Reliable Security Information


On Sunday, March 1, the U.S. chief military and civilian defense leaders spoke out on Iran's atomic weapons program. Assuming both had full access to US intelligence on this program, it is surprising that they voiced two different views. Or is it? For parochial reasons, these two factions often have held different and opposing view points on crucial national security issues.

On one hand, Joint Chiefs of Staff Chairman Michael Mullen stated that Iran now has enough fissile material (very highly enriched uranium) for a bomb. On the other hand, Defense Secretary Robert Gates claimed, "They are not close to a stockpile, they are not close to a weapon at this point." Who's right and who's wrong on this highly important matter? The answer is neither. Both of them spoke politically, not technically, in making such unfounded remarks.

After the war, in quickly became apparent at Los Alamos that very high-grade plutonium (Pu-239) was far superior to highly enriched uranium (U-235) for making implosion warheads of the type that devastated Nagasaki. The Nagasaki warhead used six kilograms of Pu-239, which was detonated by a sphere of high explosives weighing about 5000 pounds and produced a yield of about 20 kilotons. By the early 1950s, implosion technology had been refined to a degree where a much smaller warhead one-tenth the weight and a much smaller plutonium investment could produce a yield of several kilotons, which would devastate an urban area roughly two-thirds that of that Nagasaki bomb, using significantly less plutonium. But that was a half-century or so ago. In terms of today's technology, most of it in the open market, it would be dangerous folly to assume that a nation such as Iran would not be capable of building warheads providing their ballistic missiles of intercontinental ranges and capable of inflicting horrendous damage on the United States.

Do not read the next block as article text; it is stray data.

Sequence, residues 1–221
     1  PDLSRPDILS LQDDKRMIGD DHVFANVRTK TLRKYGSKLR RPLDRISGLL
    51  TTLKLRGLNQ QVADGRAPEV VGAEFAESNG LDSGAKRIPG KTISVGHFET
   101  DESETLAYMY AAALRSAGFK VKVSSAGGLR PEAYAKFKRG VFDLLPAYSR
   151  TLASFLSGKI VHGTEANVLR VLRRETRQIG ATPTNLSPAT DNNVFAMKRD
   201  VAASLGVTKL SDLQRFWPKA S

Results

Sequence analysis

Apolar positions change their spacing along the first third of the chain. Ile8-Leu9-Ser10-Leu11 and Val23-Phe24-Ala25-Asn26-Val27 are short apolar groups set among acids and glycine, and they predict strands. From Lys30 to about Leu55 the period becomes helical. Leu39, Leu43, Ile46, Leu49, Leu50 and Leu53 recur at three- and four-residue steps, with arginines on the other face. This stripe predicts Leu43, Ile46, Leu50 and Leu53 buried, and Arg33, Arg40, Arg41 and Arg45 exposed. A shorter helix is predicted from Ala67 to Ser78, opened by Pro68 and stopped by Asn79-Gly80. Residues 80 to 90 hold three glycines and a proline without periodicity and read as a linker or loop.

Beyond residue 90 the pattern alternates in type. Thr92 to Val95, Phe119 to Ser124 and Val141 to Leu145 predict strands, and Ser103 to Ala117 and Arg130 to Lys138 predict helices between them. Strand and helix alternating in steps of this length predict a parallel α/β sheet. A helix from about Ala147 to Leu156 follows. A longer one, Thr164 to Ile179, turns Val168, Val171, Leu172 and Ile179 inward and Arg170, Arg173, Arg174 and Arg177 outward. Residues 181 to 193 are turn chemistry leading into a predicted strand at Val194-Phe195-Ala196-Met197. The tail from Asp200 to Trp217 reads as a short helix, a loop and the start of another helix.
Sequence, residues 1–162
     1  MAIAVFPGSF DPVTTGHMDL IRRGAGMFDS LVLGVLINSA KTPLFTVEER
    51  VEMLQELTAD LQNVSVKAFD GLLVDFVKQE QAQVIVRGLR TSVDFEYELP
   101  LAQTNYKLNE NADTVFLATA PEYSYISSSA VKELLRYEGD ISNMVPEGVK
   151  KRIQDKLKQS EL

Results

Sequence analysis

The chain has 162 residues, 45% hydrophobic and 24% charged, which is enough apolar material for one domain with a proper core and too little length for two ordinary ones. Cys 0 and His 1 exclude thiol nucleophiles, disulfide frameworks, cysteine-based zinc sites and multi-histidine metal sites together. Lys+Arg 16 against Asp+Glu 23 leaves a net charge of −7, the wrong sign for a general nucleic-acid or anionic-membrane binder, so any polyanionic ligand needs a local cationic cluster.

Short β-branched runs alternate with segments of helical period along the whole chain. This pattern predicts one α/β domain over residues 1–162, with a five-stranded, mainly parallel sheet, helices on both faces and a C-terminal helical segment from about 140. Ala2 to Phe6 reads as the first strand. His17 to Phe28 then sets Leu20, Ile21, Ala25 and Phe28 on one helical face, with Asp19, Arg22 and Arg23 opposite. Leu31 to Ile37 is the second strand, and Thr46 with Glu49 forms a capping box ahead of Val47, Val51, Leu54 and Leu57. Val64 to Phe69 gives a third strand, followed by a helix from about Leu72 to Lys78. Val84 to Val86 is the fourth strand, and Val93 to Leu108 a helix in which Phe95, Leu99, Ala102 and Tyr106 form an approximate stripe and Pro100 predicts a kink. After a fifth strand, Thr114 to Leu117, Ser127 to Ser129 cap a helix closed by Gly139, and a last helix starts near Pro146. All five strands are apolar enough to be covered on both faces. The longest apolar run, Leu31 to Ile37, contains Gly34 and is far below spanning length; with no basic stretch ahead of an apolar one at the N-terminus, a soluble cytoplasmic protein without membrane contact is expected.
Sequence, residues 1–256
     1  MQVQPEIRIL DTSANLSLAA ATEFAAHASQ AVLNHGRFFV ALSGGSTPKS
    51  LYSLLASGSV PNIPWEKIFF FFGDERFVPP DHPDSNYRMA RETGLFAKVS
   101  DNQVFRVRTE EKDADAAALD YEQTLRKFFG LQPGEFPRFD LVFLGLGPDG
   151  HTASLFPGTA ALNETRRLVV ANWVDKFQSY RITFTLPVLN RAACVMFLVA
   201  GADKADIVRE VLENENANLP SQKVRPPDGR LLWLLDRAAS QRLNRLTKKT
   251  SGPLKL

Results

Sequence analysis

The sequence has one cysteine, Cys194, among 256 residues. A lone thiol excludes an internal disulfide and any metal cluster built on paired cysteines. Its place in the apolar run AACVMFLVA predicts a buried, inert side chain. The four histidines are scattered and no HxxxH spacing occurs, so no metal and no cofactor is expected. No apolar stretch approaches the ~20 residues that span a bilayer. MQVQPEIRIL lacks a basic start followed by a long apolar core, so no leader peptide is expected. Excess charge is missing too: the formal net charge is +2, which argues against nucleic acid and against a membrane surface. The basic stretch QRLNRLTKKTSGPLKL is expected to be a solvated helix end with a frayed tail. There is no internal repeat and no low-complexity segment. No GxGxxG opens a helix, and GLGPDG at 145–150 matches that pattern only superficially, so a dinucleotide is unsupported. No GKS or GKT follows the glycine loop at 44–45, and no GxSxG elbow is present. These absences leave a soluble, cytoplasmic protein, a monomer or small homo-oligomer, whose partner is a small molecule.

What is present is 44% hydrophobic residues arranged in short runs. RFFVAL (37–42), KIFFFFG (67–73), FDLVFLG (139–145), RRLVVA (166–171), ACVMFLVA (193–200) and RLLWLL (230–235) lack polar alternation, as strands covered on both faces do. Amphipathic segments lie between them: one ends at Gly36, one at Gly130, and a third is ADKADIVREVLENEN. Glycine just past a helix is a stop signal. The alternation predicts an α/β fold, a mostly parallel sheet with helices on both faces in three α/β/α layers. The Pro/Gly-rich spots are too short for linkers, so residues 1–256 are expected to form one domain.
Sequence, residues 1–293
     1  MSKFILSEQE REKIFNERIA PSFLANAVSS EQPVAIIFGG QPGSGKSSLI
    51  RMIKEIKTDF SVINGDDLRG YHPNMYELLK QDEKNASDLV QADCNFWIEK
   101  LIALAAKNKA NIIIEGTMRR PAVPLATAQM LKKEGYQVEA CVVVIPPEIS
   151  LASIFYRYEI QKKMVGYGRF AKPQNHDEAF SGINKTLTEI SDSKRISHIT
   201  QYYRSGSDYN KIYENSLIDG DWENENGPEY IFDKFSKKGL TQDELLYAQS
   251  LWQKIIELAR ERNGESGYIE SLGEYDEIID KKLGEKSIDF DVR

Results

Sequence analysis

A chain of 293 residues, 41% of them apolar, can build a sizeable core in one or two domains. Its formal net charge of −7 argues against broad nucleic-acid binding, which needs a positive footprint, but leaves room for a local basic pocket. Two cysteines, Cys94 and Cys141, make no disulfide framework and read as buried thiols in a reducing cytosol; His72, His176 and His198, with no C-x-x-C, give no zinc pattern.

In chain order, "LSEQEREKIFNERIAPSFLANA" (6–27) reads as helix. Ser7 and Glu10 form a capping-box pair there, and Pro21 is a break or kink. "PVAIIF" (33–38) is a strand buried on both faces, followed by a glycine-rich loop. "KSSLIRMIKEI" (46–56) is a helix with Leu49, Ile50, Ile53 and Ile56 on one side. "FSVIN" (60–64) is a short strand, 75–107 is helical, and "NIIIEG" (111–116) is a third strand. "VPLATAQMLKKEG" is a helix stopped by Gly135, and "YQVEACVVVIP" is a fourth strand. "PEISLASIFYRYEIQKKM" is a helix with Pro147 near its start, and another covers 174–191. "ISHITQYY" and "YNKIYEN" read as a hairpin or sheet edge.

Now all this brings up the question: Why is the US placing sole emphasis on Iranian production of highly enriched uranium to make atomic bombs? The answer is quite simple: Our nuclear weapons intelligence, form the very beginning, has been so poor and so politically driven, that it never has been possible for the US government to give honest and realistic appraisals of the nuclear threat against ourselves and our allies.

Now I don't pretend to know what Iran's nuclear weapon program is all about. But I do know what I would have been doing were I to have been in charge from the beginning. What I would have done was to use my centrifuges to make only enriched uranium, less than 10% U-235, and use this material to make very small reactors whose primary mission is not to make power, but rather to make so-called "dirty plutonium," through the neutron absorption of natural uranium, which is mainly U-238, and is very cheap. By dirty plutonium what I'm referring to is plutonium having an undesirable amount of Pu-240, which undergoes spontaneous fission, and if you're an old fashioned weapons designer ordered by the US military to produced extremely reliable warheads (90%+ reliable), the amount of this element should be minimized to the greatest practical extent. Otherwise the efficiency of the warhead may be reduced significantly. At the beginning, when we had a dearth of "weapon-grade" plutonium, this was understandable. Today, however, for a country wanting to get into the nuclear weapons business, this would be stupid. For going by the "dirty" route, atomic weapons could be made far more cheaply and abundantly and a much larger stockpile of warheads could be produced far more quickly and cheaply. The US military way, however precludes such logic; but perhaps a relatively poor and backward country such as Iran may have grasped this logic, which long has been in the public domain.